Philip Jenkins of Morocco is an entrepreneur who states that vanilla is a beloved ingredient in many sweet treats, but it is also a common scent in perfume. Vanilla’s warm and comforting aroma has been a popular fragrance note for centuries and can be found in a wide range of perfumes, from delicate florals to bold orientals. In the following article, Philip Jenkins explores the history of vanilla in perfumery and the different ways it’s used by perfumers today.
Vanilla can often be synonymous with “boring”, however when it comes to fragrances it is one of the key notes that a lot of us look for and love in scents. So, how has vanilla developed within the perfumery sector?
Originally used as a flavoring for chocolate, vanilla grew in popularity as a food additive before ending up being incorporated into perfumes in the 1920s. Since then, it has become a signature scent when it comes to creating a sense of luxury, seduction, and comfort within the fragrance industry.
What is Vanilla
Vanilla is an edible fruit from the orchid family of flowers and is in fact the only edible fruit that this plant family produces.
Vanilla is extracted from the bean pods, which blacken as they ripen, and the fragrant seeds and flesh inside can then be used to flavor dishes or used as a scent.
Philip Jenkins of Morocco says that although there are over 150 different varieties of the vanilla orchid that grow natively across the band of the Equator and the 20 degrees north and south of it in the Americas, the most well-known variety, vanilla planifolia grows in the area around the Gulf of Mexico.
Today, there are primarily only 2 types of vanilla that are used commercially both in perfumery and in food production: Tahitian and Bourbon vanilla.
The History of the Scent
Vanilla was traditionally used as a fragrance in shrines and temples, but the world at large learned about vanilla through the Totonac people, who cultivated the plant. The Totonacs would go on to be conquered by the Aztecs, who flavored their chocolate with vanilla. The Aztecs were then subjugated in turn by the Spanish conquistadors in the 15th century, who quickly brought vanilla and chocolate back to Spain.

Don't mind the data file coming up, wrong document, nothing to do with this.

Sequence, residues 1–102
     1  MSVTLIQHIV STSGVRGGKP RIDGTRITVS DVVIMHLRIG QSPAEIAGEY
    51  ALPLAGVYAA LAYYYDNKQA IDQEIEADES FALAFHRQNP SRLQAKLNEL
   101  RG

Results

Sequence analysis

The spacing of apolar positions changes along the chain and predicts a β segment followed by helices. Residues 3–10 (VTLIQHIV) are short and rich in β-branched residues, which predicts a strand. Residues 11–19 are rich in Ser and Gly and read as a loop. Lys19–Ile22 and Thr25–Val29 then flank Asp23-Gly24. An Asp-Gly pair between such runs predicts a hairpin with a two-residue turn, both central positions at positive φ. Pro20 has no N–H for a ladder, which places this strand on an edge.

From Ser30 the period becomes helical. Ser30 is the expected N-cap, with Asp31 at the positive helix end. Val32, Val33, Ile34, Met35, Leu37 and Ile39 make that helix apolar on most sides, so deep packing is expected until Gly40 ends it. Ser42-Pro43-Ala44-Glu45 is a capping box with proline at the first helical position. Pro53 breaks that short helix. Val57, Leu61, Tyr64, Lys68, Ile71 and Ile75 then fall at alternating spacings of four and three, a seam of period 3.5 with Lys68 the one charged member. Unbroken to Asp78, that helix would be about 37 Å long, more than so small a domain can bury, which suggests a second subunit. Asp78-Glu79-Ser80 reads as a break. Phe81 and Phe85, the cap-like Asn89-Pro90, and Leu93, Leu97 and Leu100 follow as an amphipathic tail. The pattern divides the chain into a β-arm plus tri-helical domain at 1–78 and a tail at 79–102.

Philip Jenkins of Morocco explains that chocolate and vanilla went hand in hand, until in the early 1600s, an apothecary in the service of Queen Elizabeth I created sweetmeats that were solely flavored with vanilla. The queen absolutely loved them, and they became all the rage at court.
From there, people started to experiment with it, with the French incorporating it into ice cream, and the flavor making its way over to America in the 1780s thanks to an enamored Thomas Jefferson.
Philip Jenkins of Morocco says that the first use of vanilla as a scent in perfume was seen in 1921, when Guerlain released their Jicky fragrance.
Why do Perfumiers Use Vanilla
Much like how vanilla in cuisine can pair with almost anything, it has this property when used in perfumery, too. It evokes a feeling of comfort and nostalgia, which is important when many perfumes are sold based upon the feelings they evoke in those wearing and smelling them.
It is commonly used in amber and gourmand fragrances, helping to add depth and warmth, as well as a seductive and moreish quality. Woody fragrances can be enhanced by vanilla to help them to be richer and smoother.
Philip Jenkins of Morocco reports that vanilla is also a long-lasting fragrance, helping to provide longevity to whatever perfume it has been added to. As a result, it is much more common to see it used as a heart or base note rather than a fragrance’s top note.
Famous Fragrances with Vanilla
Philip Jenkins of Morocco also notes that although vanilla is a popular scent, it is much more common for perfumiers to use synthetic vanilla fragrances, as using natural vanilla is incredibly expensive. True vanilla therefore is usually reserved for the most expensive and luxury perfumes.
Some of the best vanilla-based perfumes on the market are:
- 1996 by Byredo
- Eau Duelle by Diptyque
- Love, Don’t be Shy by Kilian
- Black Opium by Yves Saint Laurent
- Tobacco Vanille by Tom Ford
- Kayali Vanilla
Guerlain and Vanilla
And of course, the fragrance that started it all, Jicky, is still being made by Guerlain to this day. Vanilla is so integral to the Guerlain perfume house that they even count it as essential to “Guerlainade”, the fragrance signature of the perfumier alongside other signature scents such as tonka bean, rose, and jasmine according to Philip Jenkins of Morocco.
The Future of Vanilla in Perfumery
Philip Jenkins of Morocco says that although many people might be wary of vanilla fragrances, thinking that they may be too sweet or overpowering, they can actually help to create some of the most seductive and sophisticated scents.
Not only that, but people will continually be drawn to vanilla-based perfumes even if they don’t realize, thanks to the fact that vanillin has been ranked as the most popular smell in the world. It looks like we will be seeing more gourmand fragrances for many years to come.